Ballad of the Confessor is a world of work tale that grips the reader in the arms of the new South and doesn’t let go until the final page. In passages terse and stark, in others strident and moving, this novel takes the reader on a rollercoaster ride of emotions. While at some points it is so bleak as to be frightening, it nevertheless is a page-turning read.
The imagery is vivid enough that readers will see the scenes as the writer wrote them. Good books are always supposed to do that, but far too often they fall short of that goal. Author William Zink proves equally adept at writing dialogue; it sounds like real people talking and not some automaton intoning pretty words at a measured pace - there are natural pauses in logical places. The pacing of the novel is comfortable and leisurely most of the time. It speeds up when the action makes it necessary and then reverts to a slow Southern drawl.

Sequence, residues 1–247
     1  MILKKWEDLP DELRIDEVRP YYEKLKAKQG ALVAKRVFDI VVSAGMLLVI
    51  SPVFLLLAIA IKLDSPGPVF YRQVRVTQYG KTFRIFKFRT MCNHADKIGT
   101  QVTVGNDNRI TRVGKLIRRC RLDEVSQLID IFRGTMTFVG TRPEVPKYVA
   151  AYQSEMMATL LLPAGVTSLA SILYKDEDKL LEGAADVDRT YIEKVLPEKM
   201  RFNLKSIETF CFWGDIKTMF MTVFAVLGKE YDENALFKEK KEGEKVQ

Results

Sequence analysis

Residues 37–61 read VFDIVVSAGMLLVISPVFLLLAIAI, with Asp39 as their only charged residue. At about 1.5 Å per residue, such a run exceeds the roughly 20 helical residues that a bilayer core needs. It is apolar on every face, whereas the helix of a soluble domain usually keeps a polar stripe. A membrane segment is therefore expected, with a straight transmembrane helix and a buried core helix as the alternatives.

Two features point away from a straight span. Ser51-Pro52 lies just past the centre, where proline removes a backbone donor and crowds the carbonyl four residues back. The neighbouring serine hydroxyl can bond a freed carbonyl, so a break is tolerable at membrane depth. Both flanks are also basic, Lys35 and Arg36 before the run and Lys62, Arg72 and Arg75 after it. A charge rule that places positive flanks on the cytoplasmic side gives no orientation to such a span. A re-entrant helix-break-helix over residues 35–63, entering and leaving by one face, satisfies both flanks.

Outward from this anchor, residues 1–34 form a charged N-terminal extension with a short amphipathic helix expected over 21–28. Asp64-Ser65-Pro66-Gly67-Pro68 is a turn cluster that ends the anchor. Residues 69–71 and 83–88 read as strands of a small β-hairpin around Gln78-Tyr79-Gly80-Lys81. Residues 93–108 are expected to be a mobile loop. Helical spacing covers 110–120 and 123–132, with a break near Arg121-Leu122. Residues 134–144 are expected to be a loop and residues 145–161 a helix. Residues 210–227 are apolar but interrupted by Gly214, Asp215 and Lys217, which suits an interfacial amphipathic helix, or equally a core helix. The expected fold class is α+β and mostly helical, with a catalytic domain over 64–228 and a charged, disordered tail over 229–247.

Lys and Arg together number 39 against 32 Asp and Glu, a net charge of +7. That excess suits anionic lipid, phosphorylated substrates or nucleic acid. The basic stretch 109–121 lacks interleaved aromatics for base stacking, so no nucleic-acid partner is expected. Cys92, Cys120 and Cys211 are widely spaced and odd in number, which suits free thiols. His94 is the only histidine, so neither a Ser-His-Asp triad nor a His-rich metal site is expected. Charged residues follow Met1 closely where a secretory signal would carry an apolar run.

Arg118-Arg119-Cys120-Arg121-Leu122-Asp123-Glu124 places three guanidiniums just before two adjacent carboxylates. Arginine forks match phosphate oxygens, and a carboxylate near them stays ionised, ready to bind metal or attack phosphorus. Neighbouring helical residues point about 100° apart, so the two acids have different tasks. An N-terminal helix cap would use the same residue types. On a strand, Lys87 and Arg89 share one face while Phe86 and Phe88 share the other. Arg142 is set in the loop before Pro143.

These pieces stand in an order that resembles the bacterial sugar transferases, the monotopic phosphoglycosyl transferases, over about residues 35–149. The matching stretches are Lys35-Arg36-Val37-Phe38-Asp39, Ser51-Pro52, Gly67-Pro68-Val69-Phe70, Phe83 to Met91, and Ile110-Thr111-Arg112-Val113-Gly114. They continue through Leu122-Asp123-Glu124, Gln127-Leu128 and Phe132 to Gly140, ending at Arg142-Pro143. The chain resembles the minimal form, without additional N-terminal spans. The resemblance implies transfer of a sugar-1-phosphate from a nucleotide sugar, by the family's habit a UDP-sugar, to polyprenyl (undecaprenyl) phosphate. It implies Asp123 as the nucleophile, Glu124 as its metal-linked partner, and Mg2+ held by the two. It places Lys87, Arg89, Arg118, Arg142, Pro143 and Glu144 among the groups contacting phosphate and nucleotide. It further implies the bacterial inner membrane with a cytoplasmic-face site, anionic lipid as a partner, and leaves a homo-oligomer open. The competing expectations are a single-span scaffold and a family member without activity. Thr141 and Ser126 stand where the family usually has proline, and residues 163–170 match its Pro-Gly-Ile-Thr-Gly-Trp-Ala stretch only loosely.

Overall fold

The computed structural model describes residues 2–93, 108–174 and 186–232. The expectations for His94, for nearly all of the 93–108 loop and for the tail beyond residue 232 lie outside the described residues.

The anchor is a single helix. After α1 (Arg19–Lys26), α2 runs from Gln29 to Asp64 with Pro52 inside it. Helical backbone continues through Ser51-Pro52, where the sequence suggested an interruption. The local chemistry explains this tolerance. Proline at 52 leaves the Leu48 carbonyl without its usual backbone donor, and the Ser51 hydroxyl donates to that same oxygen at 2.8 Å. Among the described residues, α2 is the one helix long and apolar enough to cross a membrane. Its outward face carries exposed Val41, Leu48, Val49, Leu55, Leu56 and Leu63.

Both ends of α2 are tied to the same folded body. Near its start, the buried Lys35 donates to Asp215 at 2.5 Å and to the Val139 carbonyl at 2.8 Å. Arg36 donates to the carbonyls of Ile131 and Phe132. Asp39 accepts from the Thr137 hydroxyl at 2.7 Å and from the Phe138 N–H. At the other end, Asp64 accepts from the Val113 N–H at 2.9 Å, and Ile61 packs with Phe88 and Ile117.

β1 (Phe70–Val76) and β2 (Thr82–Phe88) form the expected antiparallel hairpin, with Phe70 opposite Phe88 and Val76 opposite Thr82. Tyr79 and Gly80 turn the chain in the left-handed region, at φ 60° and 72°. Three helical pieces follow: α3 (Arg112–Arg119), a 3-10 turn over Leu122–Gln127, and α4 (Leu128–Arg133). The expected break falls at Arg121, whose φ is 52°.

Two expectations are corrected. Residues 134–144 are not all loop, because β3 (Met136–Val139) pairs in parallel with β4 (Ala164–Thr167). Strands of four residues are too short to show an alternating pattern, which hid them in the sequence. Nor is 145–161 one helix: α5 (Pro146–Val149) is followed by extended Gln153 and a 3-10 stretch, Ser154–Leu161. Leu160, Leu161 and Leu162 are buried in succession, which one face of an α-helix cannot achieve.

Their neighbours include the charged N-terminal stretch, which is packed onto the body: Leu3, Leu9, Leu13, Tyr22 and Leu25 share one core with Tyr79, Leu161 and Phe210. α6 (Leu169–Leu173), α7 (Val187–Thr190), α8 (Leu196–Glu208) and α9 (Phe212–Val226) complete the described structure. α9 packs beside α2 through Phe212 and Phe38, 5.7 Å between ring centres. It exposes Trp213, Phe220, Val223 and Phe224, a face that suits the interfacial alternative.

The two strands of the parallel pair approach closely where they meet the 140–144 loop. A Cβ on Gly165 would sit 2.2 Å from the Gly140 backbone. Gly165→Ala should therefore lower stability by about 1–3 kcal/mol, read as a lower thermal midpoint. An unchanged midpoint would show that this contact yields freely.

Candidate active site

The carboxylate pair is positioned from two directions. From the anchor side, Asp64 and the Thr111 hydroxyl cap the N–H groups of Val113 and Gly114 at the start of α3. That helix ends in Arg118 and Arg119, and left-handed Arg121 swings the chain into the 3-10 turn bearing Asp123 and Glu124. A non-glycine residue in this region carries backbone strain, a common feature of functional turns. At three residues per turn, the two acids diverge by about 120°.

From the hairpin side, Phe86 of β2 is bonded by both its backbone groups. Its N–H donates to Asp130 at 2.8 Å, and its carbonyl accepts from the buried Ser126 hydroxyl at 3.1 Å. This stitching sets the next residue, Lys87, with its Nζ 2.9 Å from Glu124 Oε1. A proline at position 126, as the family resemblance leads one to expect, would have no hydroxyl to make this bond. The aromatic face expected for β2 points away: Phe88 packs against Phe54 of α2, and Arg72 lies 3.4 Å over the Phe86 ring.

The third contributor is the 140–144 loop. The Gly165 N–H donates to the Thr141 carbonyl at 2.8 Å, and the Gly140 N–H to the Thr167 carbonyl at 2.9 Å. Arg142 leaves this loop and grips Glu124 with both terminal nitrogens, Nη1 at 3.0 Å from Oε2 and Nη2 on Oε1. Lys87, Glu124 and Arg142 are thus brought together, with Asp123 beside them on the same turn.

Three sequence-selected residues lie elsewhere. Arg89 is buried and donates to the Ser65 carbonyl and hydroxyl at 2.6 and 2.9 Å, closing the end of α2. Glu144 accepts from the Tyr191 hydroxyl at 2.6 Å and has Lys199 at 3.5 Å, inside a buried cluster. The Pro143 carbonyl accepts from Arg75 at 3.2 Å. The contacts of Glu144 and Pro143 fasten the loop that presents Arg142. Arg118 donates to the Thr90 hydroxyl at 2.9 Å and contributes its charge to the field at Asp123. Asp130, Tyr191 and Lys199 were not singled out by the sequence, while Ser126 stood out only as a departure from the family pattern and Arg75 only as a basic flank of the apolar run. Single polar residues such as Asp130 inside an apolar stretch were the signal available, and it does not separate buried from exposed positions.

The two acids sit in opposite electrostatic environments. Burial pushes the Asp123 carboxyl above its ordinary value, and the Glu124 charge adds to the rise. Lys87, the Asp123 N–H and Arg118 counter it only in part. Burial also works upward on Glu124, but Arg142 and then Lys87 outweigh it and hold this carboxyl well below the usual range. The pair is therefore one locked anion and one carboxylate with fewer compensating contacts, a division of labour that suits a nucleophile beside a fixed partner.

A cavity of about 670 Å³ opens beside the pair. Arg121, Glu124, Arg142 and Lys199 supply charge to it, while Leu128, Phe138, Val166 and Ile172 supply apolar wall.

Ballad of the Confessor is an emphatic answer to those who lament the passing of inspiring southern books. Zink has written a good solid story that any lover of fiction will enjoy.